[SciPy-user] Unexpected typecasting when adding sparse.lil_matrix
Nathan Bell
wnbell@gmail....
Thu Sep 11 10:49:02 CDT 2008
On Thu, Sep 11, 2008 at 11:03 AM, Tony S Yu <tonyyu@mit.edu> wrote:
> This may be expected behavior, but I found it surprising. Addition (or
> any other simple operation) of two lil sparse matrices returns a csc
> sparse matrix. The scipy website suggests that csc and csr matrices
> are more efficient than lil matrices for multiplication and inversion
> (and I guess for addition too), but this typecasting is still a little
> surprising. I was just curious if this is intentional.
>
> Thanks,
> -Tony
>
> #~~~~~~~~~
>
> In [1]: import scipy.sparse as sparse
>
> In [2]: A = sparse.lil_eye([3, 3])
>
> In [3]: A + A
>
> Out[3]:
> <3x3 sparse matrix of type '<type 'numpy.float64'>'
> with 3 stored elements (space for 3)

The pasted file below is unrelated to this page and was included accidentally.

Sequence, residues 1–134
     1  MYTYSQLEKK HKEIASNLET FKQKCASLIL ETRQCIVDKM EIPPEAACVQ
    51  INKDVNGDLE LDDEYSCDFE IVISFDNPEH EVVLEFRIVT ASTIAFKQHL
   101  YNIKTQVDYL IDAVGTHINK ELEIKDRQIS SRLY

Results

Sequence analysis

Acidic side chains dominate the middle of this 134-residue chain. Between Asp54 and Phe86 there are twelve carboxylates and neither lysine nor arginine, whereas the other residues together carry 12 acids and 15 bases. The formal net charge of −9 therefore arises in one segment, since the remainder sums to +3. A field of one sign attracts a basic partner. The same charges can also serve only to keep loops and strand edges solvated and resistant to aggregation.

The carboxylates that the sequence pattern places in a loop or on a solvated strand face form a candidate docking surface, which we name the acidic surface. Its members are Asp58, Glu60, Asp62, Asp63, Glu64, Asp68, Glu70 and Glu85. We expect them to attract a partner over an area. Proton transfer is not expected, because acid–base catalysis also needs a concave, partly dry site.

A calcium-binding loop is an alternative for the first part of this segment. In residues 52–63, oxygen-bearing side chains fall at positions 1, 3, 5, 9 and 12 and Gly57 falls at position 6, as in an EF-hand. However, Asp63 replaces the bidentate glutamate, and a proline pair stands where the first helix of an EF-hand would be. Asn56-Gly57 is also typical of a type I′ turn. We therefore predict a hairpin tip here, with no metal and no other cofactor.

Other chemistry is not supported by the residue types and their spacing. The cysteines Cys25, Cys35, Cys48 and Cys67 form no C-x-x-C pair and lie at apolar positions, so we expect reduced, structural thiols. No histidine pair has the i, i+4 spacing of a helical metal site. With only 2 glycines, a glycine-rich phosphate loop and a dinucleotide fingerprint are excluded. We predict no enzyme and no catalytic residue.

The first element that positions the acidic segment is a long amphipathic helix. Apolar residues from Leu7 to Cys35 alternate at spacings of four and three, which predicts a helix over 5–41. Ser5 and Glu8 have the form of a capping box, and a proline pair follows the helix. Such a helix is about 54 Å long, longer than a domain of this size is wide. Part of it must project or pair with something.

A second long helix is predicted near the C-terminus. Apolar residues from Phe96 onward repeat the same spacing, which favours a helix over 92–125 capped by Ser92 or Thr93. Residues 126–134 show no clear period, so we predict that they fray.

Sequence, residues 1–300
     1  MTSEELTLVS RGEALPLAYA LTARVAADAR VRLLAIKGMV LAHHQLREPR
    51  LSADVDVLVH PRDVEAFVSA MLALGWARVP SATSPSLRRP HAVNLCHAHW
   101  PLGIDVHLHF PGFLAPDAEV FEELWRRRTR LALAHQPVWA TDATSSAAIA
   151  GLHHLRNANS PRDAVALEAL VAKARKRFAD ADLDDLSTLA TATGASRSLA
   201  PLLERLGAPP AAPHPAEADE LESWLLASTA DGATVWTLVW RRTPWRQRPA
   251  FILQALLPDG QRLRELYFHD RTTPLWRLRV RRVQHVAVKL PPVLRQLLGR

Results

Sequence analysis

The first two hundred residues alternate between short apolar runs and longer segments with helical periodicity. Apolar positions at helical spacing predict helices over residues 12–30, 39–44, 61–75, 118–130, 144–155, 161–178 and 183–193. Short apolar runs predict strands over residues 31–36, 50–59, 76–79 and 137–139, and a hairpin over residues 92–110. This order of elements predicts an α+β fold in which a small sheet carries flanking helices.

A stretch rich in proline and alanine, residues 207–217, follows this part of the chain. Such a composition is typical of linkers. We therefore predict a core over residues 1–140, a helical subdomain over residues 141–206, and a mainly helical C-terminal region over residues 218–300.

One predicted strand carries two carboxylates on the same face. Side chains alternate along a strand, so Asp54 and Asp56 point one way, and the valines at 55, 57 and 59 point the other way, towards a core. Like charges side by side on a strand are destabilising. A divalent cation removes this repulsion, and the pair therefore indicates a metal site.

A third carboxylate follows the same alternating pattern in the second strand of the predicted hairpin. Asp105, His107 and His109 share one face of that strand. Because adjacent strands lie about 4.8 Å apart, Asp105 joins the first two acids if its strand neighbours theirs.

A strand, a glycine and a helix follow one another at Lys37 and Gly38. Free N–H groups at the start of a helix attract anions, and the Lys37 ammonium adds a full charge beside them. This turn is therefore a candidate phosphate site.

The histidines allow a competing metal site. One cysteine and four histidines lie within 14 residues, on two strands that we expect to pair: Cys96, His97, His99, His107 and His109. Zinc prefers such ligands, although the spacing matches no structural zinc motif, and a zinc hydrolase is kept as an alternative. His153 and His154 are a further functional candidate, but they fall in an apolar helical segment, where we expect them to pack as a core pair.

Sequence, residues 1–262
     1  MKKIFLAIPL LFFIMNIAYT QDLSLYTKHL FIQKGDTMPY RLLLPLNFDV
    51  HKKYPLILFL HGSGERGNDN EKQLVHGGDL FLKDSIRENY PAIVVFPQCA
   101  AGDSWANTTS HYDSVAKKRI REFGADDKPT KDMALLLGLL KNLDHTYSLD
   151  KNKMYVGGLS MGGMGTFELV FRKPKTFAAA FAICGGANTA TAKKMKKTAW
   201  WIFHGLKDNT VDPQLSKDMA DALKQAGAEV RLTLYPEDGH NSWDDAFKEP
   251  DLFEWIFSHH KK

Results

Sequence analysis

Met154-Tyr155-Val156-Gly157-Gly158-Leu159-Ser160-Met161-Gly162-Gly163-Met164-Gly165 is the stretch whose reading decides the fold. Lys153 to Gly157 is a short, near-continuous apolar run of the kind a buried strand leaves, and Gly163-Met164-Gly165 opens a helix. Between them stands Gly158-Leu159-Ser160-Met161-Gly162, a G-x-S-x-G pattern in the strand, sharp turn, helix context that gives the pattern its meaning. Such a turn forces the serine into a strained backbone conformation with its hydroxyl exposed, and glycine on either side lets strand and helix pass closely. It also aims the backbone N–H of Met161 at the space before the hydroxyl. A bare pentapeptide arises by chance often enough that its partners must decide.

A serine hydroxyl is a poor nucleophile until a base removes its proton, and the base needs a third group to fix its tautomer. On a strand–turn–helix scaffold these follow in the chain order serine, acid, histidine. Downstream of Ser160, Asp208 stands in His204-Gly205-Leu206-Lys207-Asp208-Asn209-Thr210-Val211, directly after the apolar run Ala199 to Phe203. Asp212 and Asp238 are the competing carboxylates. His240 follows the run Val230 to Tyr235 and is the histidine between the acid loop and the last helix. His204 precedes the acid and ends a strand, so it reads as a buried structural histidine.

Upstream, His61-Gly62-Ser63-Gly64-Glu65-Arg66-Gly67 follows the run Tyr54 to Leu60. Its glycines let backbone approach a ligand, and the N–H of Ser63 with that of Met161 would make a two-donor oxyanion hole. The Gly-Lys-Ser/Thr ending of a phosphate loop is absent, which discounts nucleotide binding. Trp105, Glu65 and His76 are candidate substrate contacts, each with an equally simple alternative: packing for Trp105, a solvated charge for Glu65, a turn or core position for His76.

> in Compressed Sparse Column format>
>
That is the intended result (currently).
The issue here is that only some sparse formats define arithmetic
operations, so those that don't are converted to a type that does.
Even if lil_matrix did define addition itself, it would almost
certainly be slower than conversion to a "native" format (i.e. one
with a lower-level C++ implementation). Furthermore, guaranteeing
that other operations, such as A.transpose(), return the same type as
A would make csr_matrix.transpose() an O(N) method rather than an O(1)
method.
The current implementation is nice because inexperienced users will
often get better performance in subsequent operations. OTOH, as your
case illustrates, it can lead to surprises.
You can always do (A + B).tolil() if you want the result in a
particular format though. I'm not sure if your version of SciPy
supports lil_matrix(A + B), but that works now also.
--
Nathan Bell wnbell@gmail.com
http://graphics.cs.uiuc.edu/~wnbell/
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